Research has shown foodservice workers to be at greater risk than most for depression, substance abuse and anxiety. While unusual hours, a fast-paced environment and dealing with tricky customers are part of the job, unacceptable behaviour inside kitchens such as bullying, intimidation and less than perfect working conditions are not.
Mental Health Month is a welcome opportunity for everyone associated with the foodservice industry to consider the role they play in contributing to a happy and supportive kitchen culture.
Together with the South African Depression and Anxiety Group (SADAG), let’s take a look at what mental health is and how we can deal with depression and anxiety together.
What is mental health?
Mental health is the wellness of your mind and emotional well-being. According to the Western Cape Department of Health, mental health
"... is not merely about the absence of mental illness, but rather the presence of mental health and well-being. Mental health is about how you feel about yourself, how you relate to others and how you deal with the opportunities, difficulties and challenges of everyday life."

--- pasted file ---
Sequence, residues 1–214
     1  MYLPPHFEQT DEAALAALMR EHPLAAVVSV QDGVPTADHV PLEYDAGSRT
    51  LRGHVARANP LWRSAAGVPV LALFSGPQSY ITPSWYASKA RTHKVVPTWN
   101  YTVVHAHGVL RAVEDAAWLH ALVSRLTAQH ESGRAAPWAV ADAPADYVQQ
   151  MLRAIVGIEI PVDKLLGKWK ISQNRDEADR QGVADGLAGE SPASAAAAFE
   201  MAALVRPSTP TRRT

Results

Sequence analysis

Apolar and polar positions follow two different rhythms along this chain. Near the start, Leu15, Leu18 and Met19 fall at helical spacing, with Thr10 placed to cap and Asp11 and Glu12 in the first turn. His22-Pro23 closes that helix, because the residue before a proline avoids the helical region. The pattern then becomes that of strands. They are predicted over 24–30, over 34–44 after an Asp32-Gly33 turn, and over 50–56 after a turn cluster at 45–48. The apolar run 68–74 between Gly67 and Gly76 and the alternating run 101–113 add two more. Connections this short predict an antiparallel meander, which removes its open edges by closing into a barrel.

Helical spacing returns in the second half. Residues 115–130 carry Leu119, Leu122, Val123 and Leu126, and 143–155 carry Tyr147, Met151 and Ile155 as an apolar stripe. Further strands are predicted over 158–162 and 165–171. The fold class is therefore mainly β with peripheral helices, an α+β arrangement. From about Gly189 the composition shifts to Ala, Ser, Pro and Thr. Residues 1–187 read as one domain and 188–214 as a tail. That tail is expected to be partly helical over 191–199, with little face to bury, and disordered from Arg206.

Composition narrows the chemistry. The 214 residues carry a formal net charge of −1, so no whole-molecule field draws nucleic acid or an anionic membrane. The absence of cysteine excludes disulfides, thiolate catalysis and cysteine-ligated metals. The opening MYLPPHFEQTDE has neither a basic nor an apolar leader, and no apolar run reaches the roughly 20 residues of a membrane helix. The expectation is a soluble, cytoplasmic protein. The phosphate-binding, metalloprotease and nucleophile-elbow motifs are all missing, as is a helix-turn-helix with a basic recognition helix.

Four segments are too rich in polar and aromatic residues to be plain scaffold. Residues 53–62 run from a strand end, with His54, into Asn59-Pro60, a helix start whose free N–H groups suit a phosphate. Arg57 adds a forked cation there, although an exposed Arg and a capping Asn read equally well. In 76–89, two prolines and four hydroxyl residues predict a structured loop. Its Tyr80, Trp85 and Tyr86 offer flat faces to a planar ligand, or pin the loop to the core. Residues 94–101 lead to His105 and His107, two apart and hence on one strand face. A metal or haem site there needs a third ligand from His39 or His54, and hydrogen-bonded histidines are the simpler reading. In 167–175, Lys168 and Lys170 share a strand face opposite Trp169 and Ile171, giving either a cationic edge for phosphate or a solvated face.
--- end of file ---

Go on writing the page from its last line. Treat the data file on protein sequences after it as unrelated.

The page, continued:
Perhaps you have an aching back, occasional headaches or suffer from seasonal allergies? Similarly, you could have mental health issues that can affect your mood and how you react to situations in your daily life. Some may be milder, like anxiety at work when there’s a lot of pressure, while others can affect you more severely, like depression.
What does mental health look like in the restaurant industry?
Anyone who has worked in a restaurant or hotel will tell you about the physical health problems that can come from working long shifts. Standing for hours, lifting heavy items, straining your body and working with sharp equipment can all lead to accidents or injuries. Similarly, other workplace dangers could be affecting your mental health and you may not even be aware of them.
According to global research conducted by FairKitchens:
More than just the "blues"
Life is full of emotional ups and downs and everyone experiences the "blues" from time to time. But when the "down" times are long lasting or interfere with an individual’s ability to function at home or at work, that person may be suffering from a common, serious illness – depression, anxiety or both.
It is important to remember that experiencing depression or anxiety is okay. That is why FairKitchens and SADAG partnered to create the FairKitchens 24/7 toll-free helpline – available to you, any time you need to talk.
All calls are confidential and you can remain completely anonymous.
Call 0800 006 333 at any time
As well as free telephone counselling, callers can also access further services through the helpline such as nearby support groups, crisis interventions and face-to-face counselling. You don’t have to negotiate this trying time alone.